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ABSTRACT: This study was conducted in north-western Nigeria to investigate the role of cats and dogs as potential reservoirs of thermophilic Campylobacter species. Faecal samples were analysed from 104 cats and 141 dogs between March 2007 and March 2009. The samples were collected from animals in households, those presented to veterinary premises and feline colonies. Campylobacter spp. were isolated from 39 (27.7%) and 19 (18.3%) dogs and cats, respectively. There was no significant difference in isolation rate observed between dogs (27.7%) and cats (18.3%) and there was also no significance difference between younger and older dogs; 23.1% (young) compared to 30.3% (older) dogs, but a significant difference was seen between young (4.3%) and older (29.3%) cats. Campylobacter upsaliensis predominated in the isolates, accounting for 89.5% and 74.4% of the positive samples in cats and dogs, respectively, C. jejuni constituted 21.1% and 23.1% of the positive samples from cats and dogs, respectively. This finding is an indication that dogs and cats frequently shed thermophilic Campylobacter spp. which could be of public health importance. To establish the zoonotic significance of canine and feline Campylobacter, isolates need to be further characterised and compared. This is the first study on the prevalence of campylobacter in cats and dogs in the region.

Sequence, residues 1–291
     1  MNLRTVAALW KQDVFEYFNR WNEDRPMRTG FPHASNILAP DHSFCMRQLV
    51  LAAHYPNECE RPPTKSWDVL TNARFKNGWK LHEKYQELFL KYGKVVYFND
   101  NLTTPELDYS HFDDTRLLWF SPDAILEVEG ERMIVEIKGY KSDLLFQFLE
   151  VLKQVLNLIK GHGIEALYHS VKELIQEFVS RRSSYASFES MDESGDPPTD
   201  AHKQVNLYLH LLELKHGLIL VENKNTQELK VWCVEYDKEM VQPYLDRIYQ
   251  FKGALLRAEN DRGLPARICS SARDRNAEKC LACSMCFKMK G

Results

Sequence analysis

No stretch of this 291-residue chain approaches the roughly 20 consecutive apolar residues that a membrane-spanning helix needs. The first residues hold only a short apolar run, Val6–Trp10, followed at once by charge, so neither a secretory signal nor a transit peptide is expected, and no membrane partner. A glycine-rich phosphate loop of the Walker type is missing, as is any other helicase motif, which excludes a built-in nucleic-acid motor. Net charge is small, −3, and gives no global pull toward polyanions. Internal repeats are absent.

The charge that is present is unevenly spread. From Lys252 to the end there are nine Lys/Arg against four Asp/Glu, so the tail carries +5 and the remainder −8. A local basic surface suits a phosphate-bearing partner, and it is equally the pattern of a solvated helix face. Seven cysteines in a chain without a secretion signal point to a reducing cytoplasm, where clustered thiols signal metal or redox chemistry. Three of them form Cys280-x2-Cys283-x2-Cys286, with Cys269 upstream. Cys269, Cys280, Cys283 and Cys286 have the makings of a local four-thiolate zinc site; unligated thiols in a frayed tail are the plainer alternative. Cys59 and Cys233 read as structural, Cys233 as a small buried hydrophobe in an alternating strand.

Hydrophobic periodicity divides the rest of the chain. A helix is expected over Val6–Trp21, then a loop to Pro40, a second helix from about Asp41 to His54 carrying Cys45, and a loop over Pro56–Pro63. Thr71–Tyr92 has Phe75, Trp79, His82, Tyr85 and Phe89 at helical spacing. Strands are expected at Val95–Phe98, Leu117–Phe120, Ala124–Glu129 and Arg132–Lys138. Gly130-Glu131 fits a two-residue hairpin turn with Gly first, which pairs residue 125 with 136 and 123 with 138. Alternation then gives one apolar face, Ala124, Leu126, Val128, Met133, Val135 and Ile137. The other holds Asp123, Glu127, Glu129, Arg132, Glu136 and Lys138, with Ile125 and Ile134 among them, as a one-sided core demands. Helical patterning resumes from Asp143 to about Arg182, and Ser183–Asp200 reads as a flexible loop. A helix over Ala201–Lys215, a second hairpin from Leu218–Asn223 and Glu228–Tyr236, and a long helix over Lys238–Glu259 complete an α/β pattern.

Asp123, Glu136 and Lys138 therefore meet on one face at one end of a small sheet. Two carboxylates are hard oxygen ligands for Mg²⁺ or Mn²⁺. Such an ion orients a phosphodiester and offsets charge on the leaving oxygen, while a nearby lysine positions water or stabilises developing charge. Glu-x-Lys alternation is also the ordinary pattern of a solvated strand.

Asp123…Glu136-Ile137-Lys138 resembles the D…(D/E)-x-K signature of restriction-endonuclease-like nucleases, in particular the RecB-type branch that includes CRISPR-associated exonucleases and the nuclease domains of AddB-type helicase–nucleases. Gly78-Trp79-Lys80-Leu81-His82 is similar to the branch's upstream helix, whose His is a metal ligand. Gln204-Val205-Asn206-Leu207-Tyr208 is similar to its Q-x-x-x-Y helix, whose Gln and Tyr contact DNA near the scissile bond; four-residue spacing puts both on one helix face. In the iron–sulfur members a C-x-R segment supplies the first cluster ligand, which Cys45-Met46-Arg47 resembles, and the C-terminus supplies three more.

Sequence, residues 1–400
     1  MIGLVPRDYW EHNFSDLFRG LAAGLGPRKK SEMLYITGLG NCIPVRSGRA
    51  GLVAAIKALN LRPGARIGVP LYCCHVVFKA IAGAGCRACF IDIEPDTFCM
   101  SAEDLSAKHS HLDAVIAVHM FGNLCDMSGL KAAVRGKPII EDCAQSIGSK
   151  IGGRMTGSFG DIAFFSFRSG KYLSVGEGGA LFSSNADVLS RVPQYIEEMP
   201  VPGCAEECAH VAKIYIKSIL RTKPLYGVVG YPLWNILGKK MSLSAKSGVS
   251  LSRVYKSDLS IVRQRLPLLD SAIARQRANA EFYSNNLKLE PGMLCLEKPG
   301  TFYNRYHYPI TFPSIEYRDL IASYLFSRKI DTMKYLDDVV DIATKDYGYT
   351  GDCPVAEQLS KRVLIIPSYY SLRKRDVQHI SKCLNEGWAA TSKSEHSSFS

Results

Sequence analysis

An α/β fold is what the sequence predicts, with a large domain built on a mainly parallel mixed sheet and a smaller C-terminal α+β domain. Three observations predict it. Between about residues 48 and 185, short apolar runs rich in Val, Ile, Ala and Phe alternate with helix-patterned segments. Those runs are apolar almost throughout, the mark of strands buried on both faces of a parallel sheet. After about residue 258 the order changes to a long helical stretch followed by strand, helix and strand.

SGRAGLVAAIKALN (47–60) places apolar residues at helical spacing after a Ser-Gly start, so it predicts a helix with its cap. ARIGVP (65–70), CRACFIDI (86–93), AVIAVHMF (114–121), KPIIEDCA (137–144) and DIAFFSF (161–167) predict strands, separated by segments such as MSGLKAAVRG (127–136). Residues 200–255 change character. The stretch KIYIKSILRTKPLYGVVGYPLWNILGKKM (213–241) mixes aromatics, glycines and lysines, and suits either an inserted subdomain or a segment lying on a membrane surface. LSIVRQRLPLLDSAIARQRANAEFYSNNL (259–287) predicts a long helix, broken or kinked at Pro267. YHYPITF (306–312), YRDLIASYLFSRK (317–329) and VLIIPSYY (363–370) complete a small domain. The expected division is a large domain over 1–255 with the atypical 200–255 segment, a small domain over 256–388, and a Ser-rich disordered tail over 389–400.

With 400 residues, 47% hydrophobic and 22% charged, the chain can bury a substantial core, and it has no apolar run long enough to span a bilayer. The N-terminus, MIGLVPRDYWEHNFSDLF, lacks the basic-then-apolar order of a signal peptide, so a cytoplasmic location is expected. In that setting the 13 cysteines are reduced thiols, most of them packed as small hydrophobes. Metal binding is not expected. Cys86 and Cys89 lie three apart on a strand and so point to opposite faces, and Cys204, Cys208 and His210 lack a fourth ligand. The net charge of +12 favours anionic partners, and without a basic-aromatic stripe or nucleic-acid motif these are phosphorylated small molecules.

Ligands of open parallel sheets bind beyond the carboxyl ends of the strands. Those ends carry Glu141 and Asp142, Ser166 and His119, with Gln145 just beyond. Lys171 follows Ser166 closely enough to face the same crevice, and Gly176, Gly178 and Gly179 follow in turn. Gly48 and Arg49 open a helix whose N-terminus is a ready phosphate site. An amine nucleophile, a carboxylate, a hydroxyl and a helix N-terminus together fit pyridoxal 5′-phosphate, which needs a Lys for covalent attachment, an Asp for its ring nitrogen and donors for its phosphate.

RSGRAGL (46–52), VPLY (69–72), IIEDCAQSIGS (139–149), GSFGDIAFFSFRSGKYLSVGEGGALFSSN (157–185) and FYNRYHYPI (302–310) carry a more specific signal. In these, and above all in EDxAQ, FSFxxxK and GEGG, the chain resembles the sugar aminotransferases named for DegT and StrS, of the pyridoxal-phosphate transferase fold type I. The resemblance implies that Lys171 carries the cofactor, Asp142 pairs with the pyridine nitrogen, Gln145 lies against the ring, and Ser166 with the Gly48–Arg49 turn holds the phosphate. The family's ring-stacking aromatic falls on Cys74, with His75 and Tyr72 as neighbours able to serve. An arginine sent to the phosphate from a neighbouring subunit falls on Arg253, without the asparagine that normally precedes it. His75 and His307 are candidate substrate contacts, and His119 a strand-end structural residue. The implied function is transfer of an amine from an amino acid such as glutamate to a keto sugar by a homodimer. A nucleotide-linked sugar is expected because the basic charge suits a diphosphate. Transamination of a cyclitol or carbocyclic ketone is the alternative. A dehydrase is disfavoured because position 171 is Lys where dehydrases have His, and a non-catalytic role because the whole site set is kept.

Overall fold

Veterinaria italiana 46(4):425-30. · 0.52 Impact Factor